The Work Contained Within the Work

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There is a note I have written to myself in one of many notebooks (that contain fragments of thought on art, learning, and experiences) wherein I have concluded that I am drawn to journals, diaries, and notebooks of writers and artists whom I admire. I believe I wrote it after devouring Susan Sontag’s second posthumous release of diaries, title As Consciousness is Harnessed to Flesh. There is no plot or through-line to the work as a whole, except the reader is provided a glimpse into the artist’s thinking, her development of ideas and connections. This view into her thought excited me in the way I was originally excited by the interviews of Francis Bacon conducted by David Sylvester. I must have read those interviews dozens of times.

Although I have very little in common with Bacon, his thought and the rationale for the work inspired me to reflect as a reader. As I have grown older, I have found my attraction to these fragmentary, private and unpolished thoughts has only grown. So, when I started to read Manguso’s short book on her diary, I did so expecting to read fragments of the actual diary. This was not the case, but the work was powerful nonetheless…because the work contained the spirit of the actual process involved in its creation.

Sarah Manguso’s Ongoingness: The End of a Diary does not contain any extracts from her diary but seems to fully capture the completeness of the 800,000 word document to which the title refers. Managing to explore all 23 years in which she carefully kept her diary, Manguso creates a powerful meditation on time, memory, and identity. Although this memoir- which seems like a philosophical statement built on fragments- is incredibly brief at under 100 pages, the work is intense. This feat is accomplished through the author’s precise language and pacing. At the conclusion and throughout the book, Manguso allows the reader into the planning for the final piece which becomes the book itself. I was completely transfixed by the author’s ability to do this so seamlessly and subtly. There was a plot. The plot was revealed as the intellectual and emotional growth of the author and its impact on her writing practice and on her life. She is a mother by the end of the book, and she has a vastly different perspective than she displayed in the beginning. Like an extended prose poem, this work moved quickly over long periods, and felt odyssey-like. There is a trip, but it only involves the passage of time.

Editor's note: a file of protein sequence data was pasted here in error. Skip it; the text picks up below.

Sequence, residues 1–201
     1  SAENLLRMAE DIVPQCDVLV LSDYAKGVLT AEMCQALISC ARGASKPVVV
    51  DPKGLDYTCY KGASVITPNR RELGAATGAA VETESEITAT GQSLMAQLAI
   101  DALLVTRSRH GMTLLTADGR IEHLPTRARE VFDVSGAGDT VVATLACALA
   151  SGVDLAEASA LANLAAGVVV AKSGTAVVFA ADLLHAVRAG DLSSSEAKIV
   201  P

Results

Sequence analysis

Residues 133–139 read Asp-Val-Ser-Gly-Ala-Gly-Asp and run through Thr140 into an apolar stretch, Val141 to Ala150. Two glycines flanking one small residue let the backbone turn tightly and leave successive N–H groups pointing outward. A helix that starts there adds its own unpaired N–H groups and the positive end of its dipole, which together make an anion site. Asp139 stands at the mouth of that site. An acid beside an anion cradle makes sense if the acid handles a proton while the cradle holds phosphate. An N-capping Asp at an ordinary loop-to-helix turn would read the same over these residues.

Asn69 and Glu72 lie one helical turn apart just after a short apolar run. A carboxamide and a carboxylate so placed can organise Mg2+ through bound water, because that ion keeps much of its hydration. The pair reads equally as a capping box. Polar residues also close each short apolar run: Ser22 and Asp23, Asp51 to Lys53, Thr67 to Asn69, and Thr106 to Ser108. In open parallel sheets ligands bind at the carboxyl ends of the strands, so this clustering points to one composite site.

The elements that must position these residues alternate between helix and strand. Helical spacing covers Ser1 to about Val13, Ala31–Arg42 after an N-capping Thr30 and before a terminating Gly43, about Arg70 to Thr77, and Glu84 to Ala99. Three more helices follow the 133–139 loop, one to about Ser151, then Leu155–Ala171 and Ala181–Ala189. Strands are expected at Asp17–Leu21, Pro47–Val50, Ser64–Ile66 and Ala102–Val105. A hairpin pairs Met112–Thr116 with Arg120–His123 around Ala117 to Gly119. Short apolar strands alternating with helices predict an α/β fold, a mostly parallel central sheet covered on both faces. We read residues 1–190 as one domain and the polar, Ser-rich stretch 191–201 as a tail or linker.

This book reminded me of Maggie Nelson’s Bluets (2009), which I believe is unlike most of her published work. Nelson has written poetry and “autotheory,” but the construction of Bluets is like short bursts of detail. It feels ecstatic and beautiful in a way that few works do. It reminded me of diary entries and journals. This was not far off from her intention. Although her methodology has more to do with philosophical writing (numbered paragraphs like Wittgenstein’s Tractatus or Investigations), it is less logical and more intuitive. It is autobiographical…hence the “autotheory” as some have referred to her work. Like Manguso’s Ongoingness, Nelson’s process for creating Bluets is contained in its text, which is a curated selection of years of recorded text on 3×5 cards.

Aside from this similarity, Manguso’s book has no real connection to Nelson’s of which I am aware. But, there is something that connects these works. They both seem to reveal the author (The Life of the Mind) within the text in similar ways. Both of these books have impacted me.

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